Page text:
McDonald’s in Ukraine: the fast food giant will reopen


McDonald’s will begin reopening some of its restaurants in Ukraine in the coming months, a symbol of the war-torn country’s return to normalcy and a sign of support after the US fast-food chain pulled out of Russia.

The burger giant closed its Ukrainian restaurants after the Russian invasion nearly six months ago, but continued to pay more than 10,000 McDonald’s employees in the country.

McDonald’s said on Thursday it would start to gradually reopen some restaurants in the capital, Kyiv, and in western Ukraine, where other businesses are doing business away from the fighting. Western companies like Nike, KFC and Spanish clothing retailer Mango are open in Kyiv.

“We have spoken extensively to our employees who have expressed a strong desire to return to work and see our restaurants in Ukraine reopen,” said Paul Pomroy, senior vice president of international markets, in a message to employees. “In recent months, the belief that this would support a small but important sense of normalcy has grown stronger.”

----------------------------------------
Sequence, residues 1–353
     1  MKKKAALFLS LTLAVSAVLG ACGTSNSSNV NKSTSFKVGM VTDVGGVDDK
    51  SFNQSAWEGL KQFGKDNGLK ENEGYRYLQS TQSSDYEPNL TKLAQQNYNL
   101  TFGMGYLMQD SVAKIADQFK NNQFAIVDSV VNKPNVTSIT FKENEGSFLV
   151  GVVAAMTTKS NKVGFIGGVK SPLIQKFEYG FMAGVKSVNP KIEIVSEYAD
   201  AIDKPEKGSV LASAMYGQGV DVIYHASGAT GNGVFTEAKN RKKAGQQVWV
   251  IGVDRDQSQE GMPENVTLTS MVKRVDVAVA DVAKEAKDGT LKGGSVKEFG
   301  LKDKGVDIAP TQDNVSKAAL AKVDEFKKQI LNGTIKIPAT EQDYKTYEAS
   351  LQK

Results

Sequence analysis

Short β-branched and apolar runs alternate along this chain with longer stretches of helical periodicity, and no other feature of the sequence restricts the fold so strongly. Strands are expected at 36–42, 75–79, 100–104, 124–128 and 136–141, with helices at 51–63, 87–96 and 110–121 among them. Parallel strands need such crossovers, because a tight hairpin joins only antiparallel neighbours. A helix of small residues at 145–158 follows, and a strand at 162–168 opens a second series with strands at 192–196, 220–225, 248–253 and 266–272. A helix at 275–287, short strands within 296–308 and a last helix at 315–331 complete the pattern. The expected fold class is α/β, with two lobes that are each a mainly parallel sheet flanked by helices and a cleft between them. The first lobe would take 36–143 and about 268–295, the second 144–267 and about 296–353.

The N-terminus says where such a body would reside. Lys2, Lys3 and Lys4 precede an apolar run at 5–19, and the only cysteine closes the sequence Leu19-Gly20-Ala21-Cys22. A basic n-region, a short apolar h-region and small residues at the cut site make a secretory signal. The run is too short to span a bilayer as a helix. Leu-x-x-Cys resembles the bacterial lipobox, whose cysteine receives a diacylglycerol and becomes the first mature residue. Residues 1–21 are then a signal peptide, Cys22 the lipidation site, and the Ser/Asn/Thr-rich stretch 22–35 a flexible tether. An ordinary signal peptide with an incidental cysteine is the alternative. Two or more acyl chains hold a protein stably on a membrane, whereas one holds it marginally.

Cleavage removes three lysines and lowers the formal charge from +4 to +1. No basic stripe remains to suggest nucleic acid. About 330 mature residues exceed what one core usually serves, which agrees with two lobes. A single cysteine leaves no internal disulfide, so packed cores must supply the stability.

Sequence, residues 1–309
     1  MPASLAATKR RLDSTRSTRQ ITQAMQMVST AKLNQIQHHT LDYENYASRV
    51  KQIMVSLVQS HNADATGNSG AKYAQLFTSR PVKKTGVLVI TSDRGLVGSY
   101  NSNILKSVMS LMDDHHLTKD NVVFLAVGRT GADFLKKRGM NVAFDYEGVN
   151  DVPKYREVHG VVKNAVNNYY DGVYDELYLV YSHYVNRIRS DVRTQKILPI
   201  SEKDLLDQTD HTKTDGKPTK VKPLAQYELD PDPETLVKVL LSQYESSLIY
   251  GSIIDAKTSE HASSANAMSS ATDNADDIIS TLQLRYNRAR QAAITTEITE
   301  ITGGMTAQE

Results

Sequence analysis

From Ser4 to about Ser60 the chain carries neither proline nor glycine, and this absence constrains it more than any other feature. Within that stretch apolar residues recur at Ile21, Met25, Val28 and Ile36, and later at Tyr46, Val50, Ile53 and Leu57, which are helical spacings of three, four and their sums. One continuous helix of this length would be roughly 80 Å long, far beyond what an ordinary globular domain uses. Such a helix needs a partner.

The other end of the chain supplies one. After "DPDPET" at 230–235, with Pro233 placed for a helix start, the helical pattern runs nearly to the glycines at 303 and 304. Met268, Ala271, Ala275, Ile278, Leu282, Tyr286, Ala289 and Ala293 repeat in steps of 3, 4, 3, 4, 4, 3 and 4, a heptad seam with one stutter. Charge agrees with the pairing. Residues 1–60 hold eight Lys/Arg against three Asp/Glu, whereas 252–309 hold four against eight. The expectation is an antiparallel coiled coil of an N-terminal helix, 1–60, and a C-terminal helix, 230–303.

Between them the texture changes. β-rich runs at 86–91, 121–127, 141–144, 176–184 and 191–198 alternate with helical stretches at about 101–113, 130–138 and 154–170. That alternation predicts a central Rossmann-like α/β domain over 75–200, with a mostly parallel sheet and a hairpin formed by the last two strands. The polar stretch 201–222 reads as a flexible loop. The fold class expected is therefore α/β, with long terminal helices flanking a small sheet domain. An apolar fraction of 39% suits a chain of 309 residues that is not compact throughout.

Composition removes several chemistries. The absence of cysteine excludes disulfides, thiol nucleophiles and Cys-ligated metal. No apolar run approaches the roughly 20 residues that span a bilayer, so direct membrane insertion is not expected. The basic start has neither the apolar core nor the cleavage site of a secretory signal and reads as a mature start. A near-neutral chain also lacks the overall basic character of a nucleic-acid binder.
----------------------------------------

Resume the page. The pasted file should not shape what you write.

Ukraine’s economy has been badly damaged by the war and restarting businesses, even in limited capacity, would help. The International Monetary Fund expects the Ukrainian economy to contract by 35% this year.

McDonald’s has 109 restaurants in Ukraine, but did not say how many would reopen, when that would happen or which locations would be the first to welcome customers. Over the next few months, the company said it will begin working with suppliers to stock restaurants, prepare those stores, bring back employees and initiate security procedures as war still rages in the east.

As it begins to reopen in Ukraine, McDonald’s has sold its 850 restaurants in Russia to a franchise owner. It came three decades after McDonald’s opened its first location in Moscow, becoming a powerful symbol of the easing of Cold War tensions.

McDonald’s had closed hundreds of Russian locations in March, costing the company about $55 million a month. The sale of its Russian restaurants was the company’s first time “divesting” or exiting a major market.

Alexander Govor, who held a license for 25 McDonald’s outposts in Siberia, began reopening old McDonald’s locations as Vkusno-i Tochka, or Tasty-period.

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